Hours before Google CEO Sundar Pichai stepped onto the stage at his company's annual I/O developer conference, a big clue was given about the direction of both his keynote address and the company as a whole. The entirety of the Google Research division was renamed Google AI, a move the company said was a result of it "implementing machine learning techniques in nearly everything we do".
Indeed, Google uses artificial intelligence and machine learning in everything from Gmail and battery management in Android, to gathering news headlines, creating robotic voices which sound human, adding color to century-old photos, and teaching autonomous cars to drive in the snow.
Google's use of artificial intelligence is spreading wide and far, so here is a rundown of every AI development mentioned at this year's I/O keynote.
AI means Assistant can make phone calls on your behalf
The star of the show was Google Assistant and its new Duplex feature. Although not available to the public just yet, Google showed off how the Assistant's ability to hold natural conversations meant it could book a hair appointment at a salon and make a restaurant reservation, speaking to real humans, without any help.
Using recordings of human conversations, Google has taught its AI how to speak with a person — a person, if the demonstrations are to be believed, who may not even know they are talking to a computer. The Assistant uses discourse markers and filler words like 'um' to sound more natural, and although it can only operate in a few set scenarios for now, Google says its intelligence will help us save time and get on with the more important parts of our day. The customer services sector must also surely be interested in this technology.
Aware that such a powerful tool could pose ethical concerns over people not knowing who (or what) they are speaking to, Google says: "It's important to us that users and businesses have a good experience with this service, and transparency is a key part of that. We want to be clear about the intent of the call so businesses understand the context. We'll be experimenting with the right approach over the coming months."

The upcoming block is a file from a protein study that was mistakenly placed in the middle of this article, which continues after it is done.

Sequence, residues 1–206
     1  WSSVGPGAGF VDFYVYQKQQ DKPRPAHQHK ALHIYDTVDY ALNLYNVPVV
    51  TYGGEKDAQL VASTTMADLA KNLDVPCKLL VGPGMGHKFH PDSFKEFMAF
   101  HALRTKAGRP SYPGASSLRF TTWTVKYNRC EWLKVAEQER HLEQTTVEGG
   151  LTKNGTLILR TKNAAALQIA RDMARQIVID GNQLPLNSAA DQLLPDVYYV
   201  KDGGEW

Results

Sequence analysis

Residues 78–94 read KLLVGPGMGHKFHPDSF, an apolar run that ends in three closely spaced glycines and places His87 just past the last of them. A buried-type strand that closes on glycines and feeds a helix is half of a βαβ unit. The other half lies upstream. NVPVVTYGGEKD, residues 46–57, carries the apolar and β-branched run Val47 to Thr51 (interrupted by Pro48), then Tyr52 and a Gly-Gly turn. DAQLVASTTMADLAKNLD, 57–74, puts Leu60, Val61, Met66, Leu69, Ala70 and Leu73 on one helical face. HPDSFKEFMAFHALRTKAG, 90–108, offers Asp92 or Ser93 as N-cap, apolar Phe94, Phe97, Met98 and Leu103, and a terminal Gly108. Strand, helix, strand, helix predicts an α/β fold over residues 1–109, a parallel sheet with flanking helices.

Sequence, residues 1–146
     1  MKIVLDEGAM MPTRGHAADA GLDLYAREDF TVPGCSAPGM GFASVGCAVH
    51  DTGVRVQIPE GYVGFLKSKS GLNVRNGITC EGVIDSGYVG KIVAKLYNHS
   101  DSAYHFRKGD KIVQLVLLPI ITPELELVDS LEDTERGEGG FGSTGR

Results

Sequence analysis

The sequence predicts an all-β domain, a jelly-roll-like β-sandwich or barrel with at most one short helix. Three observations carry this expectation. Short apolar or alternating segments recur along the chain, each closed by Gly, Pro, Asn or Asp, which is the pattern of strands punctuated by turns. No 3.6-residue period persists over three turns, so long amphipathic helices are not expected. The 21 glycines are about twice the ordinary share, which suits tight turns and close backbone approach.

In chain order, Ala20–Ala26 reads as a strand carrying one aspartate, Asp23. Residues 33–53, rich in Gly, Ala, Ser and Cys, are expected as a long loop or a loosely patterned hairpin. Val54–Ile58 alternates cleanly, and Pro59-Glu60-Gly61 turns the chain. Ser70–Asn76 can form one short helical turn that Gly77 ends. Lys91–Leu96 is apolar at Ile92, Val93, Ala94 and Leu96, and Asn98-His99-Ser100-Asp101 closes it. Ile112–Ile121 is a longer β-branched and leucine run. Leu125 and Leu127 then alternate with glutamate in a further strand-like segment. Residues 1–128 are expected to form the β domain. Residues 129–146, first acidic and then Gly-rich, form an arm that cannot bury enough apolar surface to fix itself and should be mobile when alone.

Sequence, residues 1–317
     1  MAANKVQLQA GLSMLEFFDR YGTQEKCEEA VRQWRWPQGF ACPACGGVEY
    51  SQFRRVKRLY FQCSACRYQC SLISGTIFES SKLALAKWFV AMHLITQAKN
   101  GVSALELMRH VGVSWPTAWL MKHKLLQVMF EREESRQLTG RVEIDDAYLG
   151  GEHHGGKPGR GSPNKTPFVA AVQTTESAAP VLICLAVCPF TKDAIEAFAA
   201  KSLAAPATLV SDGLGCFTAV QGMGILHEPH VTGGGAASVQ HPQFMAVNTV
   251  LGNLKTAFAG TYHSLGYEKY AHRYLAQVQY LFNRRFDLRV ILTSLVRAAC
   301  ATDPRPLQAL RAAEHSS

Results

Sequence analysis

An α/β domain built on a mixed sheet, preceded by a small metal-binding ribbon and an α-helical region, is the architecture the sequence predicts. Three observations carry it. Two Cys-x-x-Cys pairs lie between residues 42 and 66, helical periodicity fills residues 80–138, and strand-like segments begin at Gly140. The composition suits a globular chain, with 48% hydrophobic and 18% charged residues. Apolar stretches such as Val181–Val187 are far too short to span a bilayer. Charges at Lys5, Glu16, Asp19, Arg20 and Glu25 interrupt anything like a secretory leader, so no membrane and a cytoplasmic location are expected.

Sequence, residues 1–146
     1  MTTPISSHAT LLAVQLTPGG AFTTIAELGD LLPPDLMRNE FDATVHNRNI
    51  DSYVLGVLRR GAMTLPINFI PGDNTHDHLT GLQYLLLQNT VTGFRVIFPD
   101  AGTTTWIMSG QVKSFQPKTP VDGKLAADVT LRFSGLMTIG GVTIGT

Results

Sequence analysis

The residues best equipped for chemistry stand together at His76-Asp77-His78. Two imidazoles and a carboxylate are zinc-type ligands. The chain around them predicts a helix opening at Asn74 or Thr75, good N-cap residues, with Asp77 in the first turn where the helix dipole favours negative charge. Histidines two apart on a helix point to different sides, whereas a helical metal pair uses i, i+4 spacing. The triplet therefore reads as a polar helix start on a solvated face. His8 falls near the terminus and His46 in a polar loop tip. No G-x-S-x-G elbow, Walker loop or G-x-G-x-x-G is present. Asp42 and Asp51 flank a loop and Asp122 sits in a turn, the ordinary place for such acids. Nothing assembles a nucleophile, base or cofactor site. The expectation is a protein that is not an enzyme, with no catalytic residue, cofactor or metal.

Google's AI efforts have also resulted in six new voices coming to Assistant, and a seventh in the form of singer John Legend will arrive later in 2018.
AI adds color to old black-and-white photographs
Another applause-worthy demonstration of AI was when Google showed off how an update to its Photos smartphone app can add color to old black-and-white images.
AI is already used by Photos to automatically create animations, stylized photos, movies and other content, but now the app will suggest AI-powered fixes to underexposed photos, offer to share photos with friends Google recognizes in the photos, and add color to old images.
Called Colorize, the new tool isn't ready just yet, but a demonstration at I/O showed how it uses AI to add some color to an old black-and-white photograph. Grass is turned green and, while not magically turned into a brand new photo, the image is given extra life through the addition of basic color.
Gmail uses AI to write your emails for you
Gmail completes whole sentences after you type a couple of lettersGoogle
An AI feature ready today is Smart Compose, which will roll out to Gmail users over the coming weeks. Smart Compose builds on Gmail's current ability to suggest quick one- or two-word replied based on phrases you commonly use, but is almost capable of writing entire emails.
Smart Compose uses AI to understand the context of the email you are replying to, or the one you are writing based on its subject line and who you are sending it to. The AI then acts like a highly sophisticated predictive text system to complete sentences after you type just a couple of words. As well as taking informed guesses about what you want to say, data like your street address is automatically inserted at the right time, like when you type the first few characters of "my address is".